Recent studies have demonstrated significant changes in the neuronal ganglioside status associated with altered functional states of nociceptive primary sensory neurons. In the present study, therefore, the effects of the inhibition of glucosylceramide synthase, the key enzyme of ganglioside synthesis, were studied on chemically defined populations and on the activation of TRPV1 of cultured adult rat sensory ganglion neurons. In control cultures, capsaicin resulted in the activation of TRPV1 in 29.7+/-2.5% of the neurons, as assessed with the cobalt uptake assay. Pretreatment of the cultures for 4days with an inhibitor of glucosylceramide synthase, d-threo-1-phenyl-2-decanoylamino-3-morpholino-1-propanol (d-PDMP), significantly decreased the proportion of capsaicin-activated neurons to 11.6+/-1.2%. Immunohistochemistry demonstrated that, in control cultures, 37.5+/-1.4% of the neurons displayed TRPV1 immunoreactivity, whereas in d-PDMP-treated cultures the proportion of TRPV1-immunoreactive neurons was diminished to 18.2+/-2.1%. Further experiments disclosed that these effects of d-PDMP were reversible. The capsaicin-, but not the high potassium-induced release of CGRP, was also significantly reduced after d-PDMP treatment, as measured with ELISA. The proportions of IB4- and CGRP-positive neurons were not significantly affected by d-PDMP. The present observations demonstrate that inhibition of neuronal ganglioside synthesis profoundly modulates the expression of the TRPV1 receptor, apparently leaving other markers of nociceptive neurons, such as CGRP and IB4, unaffected. The findings indicate that as yet unidentified ganglioside(s) synthesized by the glucosylceramide synthase pathway may be essential for nociception through mechanisms which may implicate membrane lipid raft function and/or altered nerve growth factor signaling, which are essential for the TRPV1 receptor function.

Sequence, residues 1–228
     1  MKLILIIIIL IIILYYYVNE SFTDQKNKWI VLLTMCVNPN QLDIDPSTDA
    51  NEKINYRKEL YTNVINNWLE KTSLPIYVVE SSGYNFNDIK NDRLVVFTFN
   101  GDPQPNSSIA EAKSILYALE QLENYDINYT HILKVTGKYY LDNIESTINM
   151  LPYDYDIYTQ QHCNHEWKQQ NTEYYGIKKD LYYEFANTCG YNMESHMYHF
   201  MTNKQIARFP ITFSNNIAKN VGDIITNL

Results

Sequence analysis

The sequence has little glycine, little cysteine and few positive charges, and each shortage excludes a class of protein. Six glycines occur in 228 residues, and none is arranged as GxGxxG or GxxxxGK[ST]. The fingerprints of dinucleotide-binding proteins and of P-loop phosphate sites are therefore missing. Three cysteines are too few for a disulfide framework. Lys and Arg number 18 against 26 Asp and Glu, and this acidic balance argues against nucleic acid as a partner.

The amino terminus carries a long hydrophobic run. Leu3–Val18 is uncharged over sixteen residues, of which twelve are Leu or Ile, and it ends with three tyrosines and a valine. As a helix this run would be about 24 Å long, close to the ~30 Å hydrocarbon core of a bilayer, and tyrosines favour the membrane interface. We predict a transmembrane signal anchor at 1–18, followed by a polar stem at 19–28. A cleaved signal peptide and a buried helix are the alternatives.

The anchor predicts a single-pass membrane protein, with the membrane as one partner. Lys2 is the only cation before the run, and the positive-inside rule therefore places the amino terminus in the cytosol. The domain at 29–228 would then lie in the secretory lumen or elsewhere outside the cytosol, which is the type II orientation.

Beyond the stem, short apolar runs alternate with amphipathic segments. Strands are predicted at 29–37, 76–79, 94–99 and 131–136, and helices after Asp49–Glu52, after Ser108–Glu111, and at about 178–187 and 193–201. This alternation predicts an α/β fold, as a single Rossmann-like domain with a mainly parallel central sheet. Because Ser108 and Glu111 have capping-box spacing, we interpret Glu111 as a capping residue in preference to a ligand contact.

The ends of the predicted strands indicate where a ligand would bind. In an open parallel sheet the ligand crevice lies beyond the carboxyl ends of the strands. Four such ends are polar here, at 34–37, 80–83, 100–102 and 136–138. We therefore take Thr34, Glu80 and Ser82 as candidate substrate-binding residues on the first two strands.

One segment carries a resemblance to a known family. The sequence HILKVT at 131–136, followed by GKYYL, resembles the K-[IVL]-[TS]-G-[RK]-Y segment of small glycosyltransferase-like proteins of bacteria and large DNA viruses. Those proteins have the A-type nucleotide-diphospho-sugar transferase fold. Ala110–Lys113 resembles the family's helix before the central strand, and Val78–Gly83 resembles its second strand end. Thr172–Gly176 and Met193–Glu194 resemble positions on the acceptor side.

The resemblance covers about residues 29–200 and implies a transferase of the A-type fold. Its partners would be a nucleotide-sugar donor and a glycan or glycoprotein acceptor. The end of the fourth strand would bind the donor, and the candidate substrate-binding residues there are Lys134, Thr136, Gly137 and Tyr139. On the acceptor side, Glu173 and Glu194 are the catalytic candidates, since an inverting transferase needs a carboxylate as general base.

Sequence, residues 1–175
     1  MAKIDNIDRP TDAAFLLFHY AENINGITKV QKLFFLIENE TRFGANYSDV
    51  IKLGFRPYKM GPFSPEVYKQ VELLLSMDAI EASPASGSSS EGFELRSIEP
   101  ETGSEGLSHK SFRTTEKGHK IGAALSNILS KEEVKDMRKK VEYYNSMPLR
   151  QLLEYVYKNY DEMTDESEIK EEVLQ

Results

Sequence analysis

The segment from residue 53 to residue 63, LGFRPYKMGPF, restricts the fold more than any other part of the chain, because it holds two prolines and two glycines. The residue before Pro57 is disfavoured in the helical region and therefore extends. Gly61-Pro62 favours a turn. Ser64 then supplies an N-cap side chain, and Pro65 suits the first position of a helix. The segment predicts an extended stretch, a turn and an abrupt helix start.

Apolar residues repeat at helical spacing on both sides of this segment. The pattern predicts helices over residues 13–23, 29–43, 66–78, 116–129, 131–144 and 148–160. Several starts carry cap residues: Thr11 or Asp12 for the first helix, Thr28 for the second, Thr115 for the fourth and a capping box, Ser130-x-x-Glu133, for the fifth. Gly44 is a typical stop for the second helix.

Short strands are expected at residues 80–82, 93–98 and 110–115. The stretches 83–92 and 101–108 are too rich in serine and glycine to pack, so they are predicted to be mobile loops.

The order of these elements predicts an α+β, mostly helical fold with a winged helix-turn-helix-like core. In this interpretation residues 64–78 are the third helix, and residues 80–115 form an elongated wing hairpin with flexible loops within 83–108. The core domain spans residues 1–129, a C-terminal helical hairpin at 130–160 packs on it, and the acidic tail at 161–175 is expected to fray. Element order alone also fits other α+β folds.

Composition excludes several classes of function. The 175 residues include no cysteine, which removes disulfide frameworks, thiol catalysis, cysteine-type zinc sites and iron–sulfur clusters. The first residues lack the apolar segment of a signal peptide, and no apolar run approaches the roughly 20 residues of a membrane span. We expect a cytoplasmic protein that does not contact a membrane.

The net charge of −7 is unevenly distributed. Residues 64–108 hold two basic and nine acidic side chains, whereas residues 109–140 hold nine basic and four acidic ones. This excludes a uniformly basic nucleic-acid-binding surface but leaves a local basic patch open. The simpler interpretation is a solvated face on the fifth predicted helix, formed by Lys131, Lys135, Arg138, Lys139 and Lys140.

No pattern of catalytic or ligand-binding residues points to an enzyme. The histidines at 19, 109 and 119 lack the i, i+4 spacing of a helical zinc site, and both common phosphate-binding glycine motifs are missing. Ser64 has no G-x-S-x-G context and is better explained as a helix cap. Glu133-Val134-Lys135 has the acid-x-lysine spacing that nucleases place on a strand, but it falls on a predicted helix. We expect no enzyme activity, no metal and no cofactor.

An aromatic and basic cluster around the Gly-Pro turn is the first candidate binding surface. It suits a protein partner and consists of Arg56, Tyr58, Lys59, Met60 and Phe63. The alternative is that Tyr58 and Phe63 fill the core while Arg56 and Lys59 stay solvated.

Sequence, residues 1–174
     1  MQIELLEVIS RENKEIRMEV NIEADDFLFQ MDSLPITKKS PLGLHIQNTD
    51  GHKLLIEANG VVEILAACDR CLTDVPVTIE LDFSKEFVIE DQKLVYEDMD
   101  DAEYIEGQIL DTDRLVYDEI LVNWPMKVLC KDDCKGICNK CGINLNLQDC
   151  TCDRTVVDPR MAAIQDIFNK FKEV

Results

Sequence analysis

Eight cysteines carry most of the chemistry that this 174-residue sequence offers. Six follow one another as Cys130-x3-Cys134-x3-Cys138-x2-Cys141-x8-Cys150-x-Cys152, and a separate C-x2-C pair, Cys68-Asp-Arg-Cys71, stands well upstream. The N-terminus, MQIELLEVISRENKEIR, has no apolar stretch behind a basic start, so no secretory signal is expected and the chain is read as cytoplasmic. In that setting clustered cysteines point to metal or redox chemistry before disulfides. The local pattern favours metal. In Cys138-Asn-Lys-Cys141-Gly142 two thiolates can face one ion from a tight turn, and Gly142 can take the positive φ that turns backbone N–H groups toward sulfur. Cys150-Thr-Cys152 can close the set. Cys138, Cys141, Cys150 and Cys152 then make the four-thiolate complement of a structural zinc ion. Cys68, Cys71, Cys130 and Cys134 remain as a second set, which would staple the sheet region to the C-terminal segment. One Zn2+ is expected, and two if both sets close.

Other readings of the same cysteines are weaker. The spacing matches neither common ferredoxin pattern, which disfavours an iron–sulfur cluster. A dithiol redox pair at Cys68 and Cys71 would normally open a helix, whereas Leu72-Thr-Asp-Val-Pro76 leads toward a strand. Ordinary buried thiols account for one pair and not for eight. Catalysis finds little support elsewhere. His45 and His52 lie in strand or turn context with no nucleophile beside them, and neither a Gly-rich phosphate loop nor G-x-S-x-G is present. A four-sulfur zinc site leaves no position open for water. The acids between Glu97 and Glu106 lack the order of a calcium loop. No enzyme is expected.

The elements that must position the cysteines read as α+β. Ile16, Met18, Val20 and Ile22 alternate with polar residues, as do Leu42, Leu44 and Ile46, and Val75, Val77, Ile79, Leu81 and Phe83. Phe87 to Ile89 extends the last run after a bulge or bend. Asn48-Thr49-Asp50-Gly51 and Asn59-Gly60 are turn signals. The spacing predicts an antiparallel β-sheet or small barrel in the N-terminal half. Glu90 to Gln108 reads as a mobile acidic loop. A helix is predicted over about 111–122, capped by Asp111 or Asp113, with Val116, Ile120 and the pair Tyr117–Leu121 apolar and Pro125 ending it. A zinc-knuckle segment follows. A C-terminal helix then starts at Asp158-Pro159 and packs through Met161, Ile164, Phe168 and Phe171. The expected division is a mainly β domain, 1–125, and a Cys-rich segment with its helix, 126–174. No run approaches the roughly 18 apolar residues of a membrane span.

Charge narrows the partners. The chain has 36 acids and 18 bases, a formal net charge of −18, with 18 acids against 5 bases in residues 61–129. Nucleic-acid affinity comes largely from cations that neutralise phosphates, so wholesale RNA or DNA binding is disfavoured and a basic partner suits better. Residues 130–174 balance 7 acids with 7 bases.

Copyright 2010 International Association for the Study of Pain. Published by Elsevier B.V. All rights reserved.